12 October 2008

Along the line

Telegraph pole, No 3 Line
Along No. 3 Line.

All content © 2008 Pete McGregor


Emma said...

Pete, this photo really speaks to me, for reasons I can't articulate. Maybe later... in the meantime, I am enjoying seeing your photography in this new format, and look forward to more.

pohanginapete said...

Thanks Emma. I'm intrigued by the responses I've had to this photo — it really does seem to stand out for those who've seen it. To be honest, I too can't say what it is that attracted me to the photo in the first place. I suspect the simplicity is part of it, and that's a useful lesson for me. I can say it's not the only photo I have like this, nor is it likely to be the last. I trust it won't be the best, either (got to keep aspiring...)

Lesley said...

I've been wondering why this works, Pete, because so often dividing an image by a vertical line through the middle has the effect of splitting it into two unsatisfactory halves.

Is it because the post is standing right in front of us, in our face, so to speak, so that we see the background as a whole, just as we would if we were physically there looking past both sides simultaneously? Then, again, there's the depth of field: the background is sufficiently out-of-focus to provide a clearly visible context for the post without competing with it.

I wonder if the composition would have worked as well if the sheep had been on the left side instead of the right, if there had been one sheep on each side, or even several more scattered over the hill? I suspect not. It seems to matter that there should be only one, because more would be distracting. Given our tendency to read pictures from left to right, it also seems important to the composition that the eye, as it explores the rest of the image after absorbing the immediate impact of the post, must travel more than halfway along the ridgeline before coming to the sheep. I wonder if it would work as well in this orientation for anyone brought up in a writing system (Arabic, for example) that progresses from right to left. Would such a viewer perhaps feel it was better in reverse? I also think it matters that the sheep is facing inwards towards the middle, rather than outwards towards the right-hand frame. It creates a feeling of cohesion.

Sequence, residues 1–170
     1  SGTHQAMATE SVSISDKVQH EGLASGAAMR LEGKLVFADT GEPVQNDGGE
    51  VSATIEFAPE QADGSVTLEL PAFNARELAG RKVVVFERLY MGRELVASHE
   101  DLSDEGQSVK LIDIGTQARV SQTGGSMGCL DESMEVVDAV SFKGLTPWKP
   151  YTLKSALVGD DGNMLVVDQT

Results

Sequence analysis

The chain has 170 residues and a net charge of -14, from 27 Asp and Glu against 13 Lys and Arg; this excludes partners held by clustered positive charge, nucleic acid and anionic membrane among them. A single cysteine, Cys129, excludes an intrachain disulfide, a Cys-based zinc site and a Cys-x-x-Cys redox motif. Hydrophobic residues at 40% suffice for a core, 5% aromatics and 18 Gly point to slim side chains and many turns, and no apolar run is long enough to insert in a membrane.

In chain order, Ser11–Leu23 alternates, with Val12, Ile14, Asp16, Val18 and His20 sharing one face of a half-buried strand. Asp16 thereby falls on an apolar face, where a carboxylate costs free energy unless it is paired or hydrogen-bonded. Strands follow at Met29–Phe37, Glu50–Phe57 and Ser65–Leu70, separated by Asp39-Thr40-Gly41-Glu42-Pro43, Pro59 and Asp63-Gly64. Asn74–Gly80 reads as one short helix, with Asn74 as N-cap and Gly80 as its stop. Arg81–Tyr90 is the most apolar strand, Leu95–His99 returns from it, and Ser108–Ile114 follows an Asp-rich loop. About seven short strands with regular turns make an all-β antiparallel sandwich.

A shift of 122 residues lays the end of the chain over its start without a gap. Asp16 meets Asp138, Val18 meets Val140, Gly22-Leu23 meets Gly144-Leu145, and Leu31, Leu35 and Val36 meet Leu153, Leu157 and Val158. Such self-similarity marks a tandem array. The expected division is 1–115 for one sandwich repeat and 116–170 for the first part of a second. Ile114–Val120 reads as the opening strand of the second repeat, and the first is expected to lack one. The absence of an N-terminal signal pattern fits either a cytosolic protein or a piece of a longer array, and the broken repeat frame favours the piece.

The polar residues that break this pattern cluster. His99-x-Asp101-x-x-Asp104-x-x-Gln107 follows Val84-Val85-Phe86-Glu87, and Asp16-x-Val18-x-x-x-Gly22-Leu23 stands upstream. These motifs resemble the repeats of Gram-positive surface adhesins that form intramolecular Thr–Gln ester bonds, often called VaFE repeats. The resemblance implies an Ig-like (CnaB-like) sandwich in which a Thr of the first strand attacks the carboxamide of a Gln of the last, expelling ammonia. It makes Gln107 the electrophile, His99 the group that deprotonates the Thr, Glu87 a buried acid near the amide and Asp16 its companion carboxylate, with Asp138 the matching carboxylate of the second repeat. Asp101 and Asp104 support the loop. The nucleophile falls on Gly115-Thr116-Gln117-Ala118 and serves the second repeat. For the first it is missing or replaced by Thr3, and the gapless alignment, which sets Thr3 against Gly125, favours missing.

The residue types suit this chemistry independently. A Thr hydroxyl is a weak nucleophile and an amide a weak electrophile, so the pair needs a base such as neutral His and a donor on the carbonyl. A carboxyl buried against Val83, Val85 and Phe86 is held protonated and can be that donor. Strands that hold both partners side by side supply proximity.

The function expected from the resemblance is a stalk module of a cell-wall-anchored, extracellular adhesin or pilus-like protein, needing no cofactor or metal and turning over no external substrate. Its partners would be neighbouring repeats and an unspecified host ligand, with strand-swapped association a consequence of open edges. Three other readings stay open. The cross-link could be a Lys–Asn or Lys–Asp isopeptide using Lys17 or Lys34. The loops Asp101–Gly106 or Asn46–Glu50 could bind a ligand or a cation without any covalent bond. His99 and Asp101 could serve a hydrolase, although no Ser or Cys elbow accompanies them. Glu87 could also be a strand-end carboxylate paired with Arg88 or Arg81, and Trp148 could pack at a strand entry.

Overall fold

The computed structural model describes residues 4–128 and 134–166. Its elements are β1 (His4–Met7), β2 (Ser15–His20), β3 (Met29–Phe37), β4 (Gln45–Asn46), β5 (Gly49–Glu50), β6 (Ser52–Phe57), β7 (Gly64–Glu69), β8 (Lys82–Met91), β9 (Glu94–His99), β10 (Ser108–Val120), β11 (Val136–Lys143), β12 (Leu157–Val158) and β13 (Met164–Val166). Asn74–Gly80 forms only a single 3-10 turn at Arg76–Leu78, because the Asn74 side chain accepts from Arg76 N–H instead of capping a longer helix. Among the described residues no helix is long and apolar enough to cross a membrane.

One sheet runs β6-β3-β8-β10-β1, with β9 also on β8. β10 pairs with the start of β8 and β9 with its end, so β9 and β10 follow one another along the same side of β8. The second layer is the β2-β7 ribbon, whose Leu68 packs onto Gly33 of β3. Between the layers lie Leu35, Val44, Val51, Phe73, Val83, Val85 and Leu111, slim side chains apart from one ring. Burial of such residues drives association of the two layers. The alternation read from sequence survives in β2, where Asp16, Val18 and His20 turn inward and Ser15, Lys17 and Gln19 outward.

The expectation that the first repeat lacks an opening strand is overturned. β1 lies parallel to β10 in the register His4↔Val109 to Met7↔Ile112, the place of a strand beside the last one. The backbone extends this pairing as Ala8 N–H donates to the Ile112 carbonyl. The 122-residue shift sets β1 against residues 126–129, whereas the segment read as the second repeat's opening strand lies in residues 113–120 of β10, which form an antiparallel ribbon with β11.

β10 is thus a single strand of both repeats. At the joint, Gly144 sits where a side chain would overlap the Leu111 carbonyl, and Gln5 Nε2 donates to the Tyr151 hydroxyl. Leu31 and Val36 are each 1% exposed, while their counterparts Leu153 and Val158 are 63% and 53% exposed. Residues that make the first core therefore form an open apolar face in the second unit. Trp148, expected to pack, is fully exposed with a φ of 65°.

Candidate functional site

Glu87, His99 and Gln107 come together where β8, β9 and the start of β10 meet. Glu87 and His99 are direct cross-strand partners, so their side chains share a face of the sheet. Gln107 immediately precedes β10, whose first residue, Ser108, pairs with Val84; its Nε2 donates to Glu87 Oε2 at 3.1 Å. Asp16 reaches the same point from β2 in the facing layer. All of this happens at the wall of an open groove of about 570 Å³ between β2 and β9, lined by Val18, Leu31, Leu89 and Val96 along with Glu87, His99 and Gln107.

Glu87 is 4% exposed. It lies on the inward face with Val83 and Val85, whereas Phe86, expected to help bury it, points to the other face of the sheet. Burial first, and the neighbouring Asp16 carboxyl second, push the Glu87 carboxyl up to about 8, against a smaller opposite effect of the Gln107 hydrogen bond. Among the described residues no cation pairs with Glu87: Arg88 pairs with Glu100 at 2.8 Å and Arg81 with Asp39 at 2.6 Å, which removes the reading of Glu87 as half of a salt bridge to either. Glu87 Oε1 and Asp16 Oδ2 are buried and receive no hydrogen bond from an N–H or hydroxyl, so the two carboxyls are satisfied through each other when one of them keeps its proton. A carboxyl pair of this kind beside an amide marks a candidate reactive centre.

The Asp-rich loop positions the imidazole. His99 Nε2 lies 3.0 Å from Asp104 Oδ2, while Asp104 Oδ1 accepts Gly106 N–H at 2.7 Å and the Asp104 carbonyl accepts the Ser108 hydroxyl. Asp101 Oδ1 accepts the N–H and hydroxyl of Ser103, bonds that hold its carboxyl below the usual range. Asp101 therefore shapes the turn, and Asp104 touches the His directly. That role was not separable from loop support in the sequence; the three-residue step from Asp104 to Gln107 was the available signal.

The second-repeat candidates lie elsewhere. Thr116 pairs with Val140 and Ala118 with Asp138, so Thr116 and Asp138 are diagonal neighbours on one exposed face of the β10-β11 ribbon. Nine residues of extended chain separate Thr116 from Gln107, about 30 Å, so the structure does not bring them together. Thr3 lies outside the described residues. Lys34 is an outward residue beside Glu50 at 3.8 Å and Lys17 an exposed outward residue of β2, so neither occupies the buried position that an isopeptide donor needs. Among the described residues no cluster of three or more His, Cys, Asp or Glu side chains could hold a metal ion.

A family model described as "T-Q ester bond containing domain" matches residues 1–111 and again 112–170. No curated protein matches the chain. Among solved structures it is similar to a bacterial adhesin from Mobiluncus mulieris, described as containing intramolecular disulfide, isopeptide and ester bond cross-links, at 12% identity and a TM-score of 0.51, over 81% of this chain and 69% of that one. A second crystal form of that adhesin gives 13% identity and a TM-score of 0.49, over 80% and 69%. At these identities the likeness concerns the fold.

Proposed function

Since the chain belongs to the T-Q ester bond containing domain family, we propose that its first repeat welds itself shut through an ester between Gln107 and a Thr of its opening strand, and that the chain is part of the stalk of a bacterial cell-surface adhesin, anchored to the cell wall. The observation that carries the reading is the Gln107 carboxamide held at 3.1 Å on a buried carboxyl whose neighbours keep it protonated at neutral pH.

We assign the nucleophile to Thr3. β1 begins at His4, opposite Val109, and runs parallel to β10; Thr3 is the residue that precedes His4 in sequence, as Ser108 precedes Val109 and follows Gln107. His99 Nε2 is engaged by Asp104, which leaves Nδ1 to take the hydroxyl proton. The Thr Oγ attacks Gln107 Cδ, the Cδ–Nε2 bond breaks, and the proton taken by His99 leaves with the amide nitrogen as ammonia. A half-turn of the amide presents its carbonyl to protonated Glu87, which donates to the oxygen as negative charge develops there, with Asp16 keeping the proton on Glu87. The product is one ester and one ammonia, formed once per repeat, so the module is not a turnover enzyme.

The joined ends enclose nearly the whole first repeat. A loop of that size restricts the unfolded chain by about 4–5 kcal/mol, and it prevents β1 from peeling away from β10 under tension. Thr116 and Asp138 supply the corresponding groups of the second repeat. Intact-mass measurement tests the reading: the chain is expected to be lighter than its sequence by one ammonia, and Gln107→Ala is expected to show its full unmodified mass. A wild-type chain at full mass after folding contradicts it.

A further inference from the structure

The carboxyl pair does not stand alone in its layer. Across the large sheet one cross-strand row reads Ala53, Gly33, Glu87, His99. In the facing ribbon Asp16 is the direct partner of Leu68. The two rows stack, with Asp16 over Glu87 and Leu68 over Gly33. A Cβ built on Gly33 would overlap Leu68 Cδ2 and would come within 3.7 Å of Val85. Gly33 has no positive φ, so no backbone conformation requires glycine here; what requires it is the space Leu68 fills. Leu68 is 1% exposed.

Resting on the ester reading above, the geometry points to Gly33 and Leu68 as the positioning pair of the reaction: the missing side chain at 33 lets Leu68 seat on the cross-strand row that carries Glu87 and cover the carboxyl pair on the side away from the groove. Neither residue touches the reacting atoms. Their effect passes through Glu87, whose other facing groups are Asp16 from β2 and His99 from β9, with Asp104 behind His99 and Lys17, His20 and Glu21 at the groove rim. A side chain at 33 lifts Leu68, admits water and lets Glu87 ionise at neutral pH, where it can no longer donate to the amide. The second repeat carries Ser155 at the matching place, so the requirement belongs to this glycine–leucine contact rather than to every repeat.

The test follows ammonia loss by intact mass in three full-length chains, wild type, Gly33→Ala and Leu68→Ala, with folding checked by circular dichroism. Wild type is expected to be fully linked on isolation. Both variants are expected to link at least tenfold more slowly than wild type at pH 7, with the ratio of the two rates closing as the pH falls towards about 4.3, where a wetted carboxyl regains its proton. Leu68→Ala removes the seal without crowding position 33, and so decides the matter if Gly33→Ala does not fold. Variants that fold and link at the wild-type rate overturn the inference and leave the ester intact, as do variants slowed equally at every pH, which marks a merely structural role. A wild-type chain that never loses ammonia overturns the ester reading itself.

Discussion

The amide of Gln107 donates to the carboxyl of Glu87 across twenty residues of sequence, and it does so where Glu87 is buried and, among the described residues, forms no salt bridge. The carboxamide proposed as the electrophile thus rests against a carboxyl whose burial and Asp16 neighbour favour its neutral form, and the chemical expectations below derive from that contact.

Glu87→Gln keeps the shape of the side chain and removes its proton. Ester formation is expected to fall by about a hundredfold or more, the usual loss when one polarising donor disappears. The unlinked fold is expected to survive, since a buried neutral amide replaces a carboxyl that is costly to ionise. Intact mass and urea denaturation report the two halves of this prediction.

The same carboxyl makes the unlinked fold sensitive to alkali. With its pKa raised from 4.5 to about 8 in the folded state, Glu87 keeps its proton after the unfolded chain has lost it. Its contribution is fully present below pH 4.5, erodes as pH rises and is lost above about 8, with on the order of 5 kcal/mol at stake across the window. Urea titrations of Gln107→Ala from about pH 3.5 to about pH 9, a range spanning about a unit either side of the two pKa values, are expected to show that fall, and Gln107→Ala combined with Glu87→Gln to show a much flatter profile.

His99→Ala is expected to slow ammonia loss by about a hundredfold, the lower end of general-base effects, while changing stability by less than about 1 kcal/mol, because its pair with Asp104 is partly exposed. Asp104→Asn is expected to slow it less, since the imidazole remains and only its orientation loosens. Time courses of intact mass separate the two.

The asymmetry of the hill helps, too, rising obliquely from the left, carrying the eye past the post to the summit where the sheep stands, then falling away more steeply to the right.

This does, as you say, have simplicity, but there is also interest in details such as the textures of post and clouds. There are several elements that play a part, some occurring by luck (for example, only one sheep instead of a mob, and the place where it chose to dine), others due to photographic skill. It's not a photograph that immediately grabbed me in the way some of the others did. In fact, it was only after reading the comments above that I took the time to study it carefully, but the more I looked, the more I liked it. It gives me a feeling of being right there, in the field.